The Science behind Perfect Eyesight

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It’s easy to take vision for granted when the eyes perform flawlessly. However, when eye problems crop up, it’s hard not to wonder how the eyes work. In a properly functioning eye, a number of elements must cooperate perfectly to create good vision; just one malfunctioning factor in this instantaneous process can cause blurry vision, pain or even blindness. The entire field of optometry is dedicated to managing vision problems and determining the best method of correcting poor vision.

The Birth of a Picture

Vision begins when light rays are reflected off objects and into the eyes via the cornea, a transparent bulge that covers the front of the eyeball. The cornea refracts, or bends, the light rays so that they pass through the dark, small round hole, called the pupil. The amount of light permitted to enter the pupil is regulated by the iris, the colored part of the eye that changes the size of the iris.

After passing through the pupil, the light rays shine through the lens. This remarkable component changes it shape to bend the rays as needed to focus them on the retina located at the back of the eyeball.

Translating the Picture

The retina is composed of millions of two types of nerve cells that detect the light. Cones are found primarily in the center of the retina, in a region called the macula, and specialize in sharp vision with fine details and colors. Rods reside beyond the macula to provide peripheral (side) vision, detect motion outside the central vision, and provide vision in dim or dark lighting conditions.

Decoding the Message

Both cones and rods convert the received light rays into specific patterns of electrical impulses to be delivered to the brain through the optic nerve. In the brain, the impulses are assembled and decoded to form an image.

When Things Don’t Line Up

The overall shape of the eyeball ultimately determines how well the eye can focus and receive the incoming image; when a patient experiences poor or blurry vision, an optometrist exams the eye to figure out what went wrong.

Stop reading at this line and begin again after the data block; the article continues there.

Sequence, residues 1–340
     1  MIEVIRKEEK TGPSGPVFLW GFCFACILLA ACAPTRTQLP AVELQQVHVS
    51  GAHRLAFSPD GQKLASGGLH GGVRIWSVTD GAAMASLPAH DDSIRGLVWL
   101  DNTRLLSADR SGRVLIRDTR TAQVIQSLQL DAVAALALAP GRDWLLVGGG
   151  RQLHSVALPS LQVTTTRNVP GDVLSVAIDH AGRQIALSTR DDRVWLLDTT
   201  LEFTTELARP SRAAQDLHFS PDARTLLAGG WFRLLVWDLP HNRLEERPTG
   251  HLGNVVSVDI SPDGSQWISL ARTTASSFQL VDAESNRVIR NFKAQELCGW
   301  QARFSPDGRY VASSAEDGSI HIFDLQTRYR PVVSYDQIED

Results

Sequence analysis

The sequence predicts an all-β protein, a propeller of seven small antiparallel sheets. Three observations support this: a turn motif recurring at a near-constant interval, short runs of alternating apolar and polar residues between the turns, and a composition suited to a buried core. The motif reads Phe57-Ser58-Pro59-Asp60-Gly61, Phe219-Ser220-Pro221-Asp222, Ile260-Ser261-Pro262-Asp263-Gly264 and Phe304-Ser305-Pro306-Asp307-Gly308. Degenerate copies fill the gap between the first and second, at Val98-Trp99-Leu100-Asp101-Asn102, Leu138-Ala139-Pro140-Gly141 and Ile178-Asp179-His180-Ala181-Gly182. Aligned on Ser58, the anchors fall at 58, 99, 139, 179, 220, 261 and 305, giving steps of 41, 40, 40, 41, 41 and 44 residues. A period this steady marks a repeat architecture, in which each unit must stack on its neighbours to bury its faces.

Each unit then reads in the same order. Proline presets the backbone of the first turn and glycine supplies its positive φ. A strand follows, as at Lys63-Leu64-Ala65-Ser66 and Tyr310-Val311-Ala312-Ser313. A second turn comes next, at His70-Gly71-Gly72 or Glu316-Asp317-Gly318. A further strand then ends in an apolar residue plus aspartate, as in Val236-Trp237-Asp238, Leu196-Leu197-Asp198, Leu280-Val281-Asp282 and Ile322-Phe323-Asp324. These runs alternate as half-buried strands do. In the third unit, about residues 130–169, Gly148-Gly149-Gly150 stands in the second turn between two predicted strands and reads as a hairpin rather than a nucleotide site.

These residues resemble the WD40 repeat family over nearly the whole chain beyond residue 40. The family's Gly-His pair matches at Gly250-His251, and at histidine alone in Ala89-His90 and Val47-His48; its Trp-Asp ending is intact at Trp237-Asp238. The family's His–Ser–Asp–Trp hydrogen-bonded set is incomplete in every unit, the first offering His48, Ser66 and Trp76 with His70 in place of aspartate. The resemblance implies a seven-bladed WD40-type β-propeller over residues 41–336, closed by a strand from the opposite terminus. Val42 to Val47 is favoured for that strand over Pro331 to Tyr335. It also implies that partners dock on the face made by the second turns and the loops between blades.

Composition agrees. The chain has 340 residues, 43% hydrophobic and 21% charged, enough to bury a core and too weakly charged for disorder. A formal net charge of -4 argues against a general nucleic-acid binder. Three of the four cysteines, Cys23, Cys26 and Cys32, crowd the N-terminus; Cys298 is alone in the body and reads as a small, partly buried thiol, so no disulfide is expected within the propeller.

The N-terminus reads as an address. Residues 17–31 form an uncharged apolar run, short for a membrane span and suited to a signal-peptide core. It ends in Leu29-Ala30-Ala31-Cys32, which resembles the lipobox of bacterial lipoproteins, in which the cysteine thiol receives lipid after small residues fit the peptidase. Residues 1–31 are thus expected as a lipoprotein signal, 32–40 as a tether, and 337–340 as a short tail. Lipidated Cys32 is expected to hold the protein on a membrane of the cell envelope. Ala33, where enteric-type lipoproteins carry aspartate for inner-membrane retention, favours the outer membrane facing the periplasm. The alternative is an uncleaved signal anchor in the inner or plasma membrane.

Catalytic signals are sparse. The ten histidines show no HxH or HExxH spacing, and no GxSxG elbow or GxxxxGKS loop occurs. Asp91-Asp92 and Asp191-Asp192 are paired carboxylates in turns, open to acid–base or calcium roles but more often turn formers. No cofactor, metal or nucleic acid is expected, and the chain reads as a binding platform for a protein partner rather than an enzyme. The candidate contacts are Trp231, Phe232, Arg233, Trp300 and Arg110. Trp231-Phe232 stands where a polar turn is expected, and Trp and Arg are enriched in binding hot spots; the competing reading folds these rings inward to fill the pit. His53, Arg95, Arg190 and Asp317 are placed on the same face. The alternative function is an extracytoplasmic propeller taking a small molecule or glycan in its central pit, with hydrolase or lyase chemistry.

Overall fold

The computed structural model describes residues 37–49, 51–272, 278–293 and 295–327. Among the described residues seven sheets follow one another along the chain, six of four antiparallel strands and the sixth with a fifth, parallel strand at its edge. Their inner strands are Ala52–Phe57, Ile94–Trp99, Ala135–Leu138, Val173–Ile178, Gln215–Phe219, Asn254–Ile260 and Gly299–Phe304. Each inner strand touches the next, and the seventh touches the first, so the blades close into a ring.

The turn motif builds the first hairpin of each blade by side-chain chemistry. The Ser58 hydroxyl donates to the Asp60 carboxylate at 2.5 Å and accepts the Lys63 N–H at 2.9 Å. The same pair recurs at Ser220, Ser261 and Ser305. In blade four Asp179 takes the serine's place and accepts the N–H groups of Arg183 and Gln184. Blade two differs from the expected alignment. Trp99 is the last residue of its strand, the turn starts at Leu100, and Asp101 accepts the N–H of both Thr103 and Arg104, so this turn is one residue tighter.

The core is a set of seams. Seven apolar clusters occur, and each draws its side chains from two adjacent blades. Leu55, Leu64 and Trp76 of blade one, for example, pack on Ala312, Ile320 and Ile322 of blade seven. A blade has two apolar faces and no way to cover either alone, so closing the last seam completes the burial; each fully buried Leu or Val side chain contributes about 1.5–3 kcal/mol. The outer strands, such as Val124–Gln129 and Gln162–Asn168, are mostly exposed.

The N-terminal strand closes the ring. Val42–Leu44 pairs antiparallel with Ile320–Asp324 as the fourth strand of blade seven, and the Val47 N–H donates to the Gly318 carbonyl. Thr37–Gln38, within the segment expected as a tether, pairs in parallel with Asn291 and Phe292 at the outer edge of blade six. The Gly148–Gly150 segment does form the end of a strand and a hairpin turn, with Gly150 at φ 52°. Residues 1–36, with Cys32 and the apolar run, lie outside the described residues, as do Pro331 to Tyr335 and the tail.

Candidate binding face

Normally, the eye retains a spherical shape. If the shape changes, such as with an elongated eyeball, the cornea’s curvature will no longer focus the incoming light rays appropriately to match the distance from the lens to the retina.

Consultation with an optometrist can determine whether corrective lenses or surgery are needed to restore properly focused vision.

Sources:

American Optometric Association (2013). How Your Eyes Work.

 

The “Eyes” Have It

Understanding the principle behind how the eyes work can help patients select the best course of corrective action for their needs. Whether the goal is simple, non-invasive correction or a permanent fix, an experienced optometrist will evaluate your eyes and eyesight, then recommend the best options for your lifestyle.

To learn more about how your eyes work, current vision problems that you’re experiencing, or potential vision solutions, make an appointment with your optometrist today.

TEI Open for Eyecare, Telehealth Care
Starting May 11


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The Eye Institute is open starting Monday, May 11 for all eyecare, vision change, and medical eye care. Call now to schedule your annual eye exam.

Safety Protocols
The Eye Institute is dedicated to providing care to the public while keeping all patrons and employees safe and healthy. Please note that a facial mask or covering is required during your visit,and we are not able to provide patients with masks. Please read more in our safety protocols.

Telehealth Appointments
If you’d prefer to remain at home, we are offering telehealth appointments via a HIPAA-compliant platform. Telehealth is only available for some types of appointments. We will use your medical insurance for this visit and bill it as a “specialist office visit.” No insurance? No problem. We have standard rates for telehealth appointments for you. Call your preferred location to set up a telehealth appointment.

We also continue to serve you in the following ways:

We look forward to serving you, and please reach out to us if you need us. We’re just a phone call away!

Knightdale: 919-266-2048
North Raleigh:  919-977-0303
Downtown Raleigh: 919-200-4840

The Eye Institute

Good Looks is now The Eye Institute.

Thank you for visiting GoodLooks. We’re now part of The Eye Institute family. You can still visit us in the same North Raleigh location or check out one of our other two offices in Raleigh or Knightdale. Learn more on the “Locations” page on our website.

We look forward to seeing you again soon!